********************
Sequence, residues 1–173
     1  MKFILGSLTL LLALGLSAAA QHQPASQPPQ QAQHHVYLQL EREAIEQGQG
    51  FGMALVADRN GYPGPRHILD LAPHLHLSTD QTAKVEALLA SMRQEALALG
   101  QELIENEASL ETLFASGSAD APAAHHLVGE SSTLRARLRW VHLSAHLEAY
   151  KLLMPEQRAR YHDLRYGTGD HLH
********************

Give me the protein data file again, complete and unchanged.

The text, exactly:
Sequence, residues 1–173
     1  MKFILGSLTL LLALGLSAAA QHQPASQPPQ QAQHHVYLQL EREAIEQGQG
    51  FGMALVADRN GYPGPRHILD LAPHLHLSTD QTAKVEALLA SMRQEALALG
   101  QELIENEASL ETLFASGSAD APAAHHLVGE SSTLRARLRW VHLSAHLEAY
   151  KLLMPEQRAR YHDLRYGTGD HLH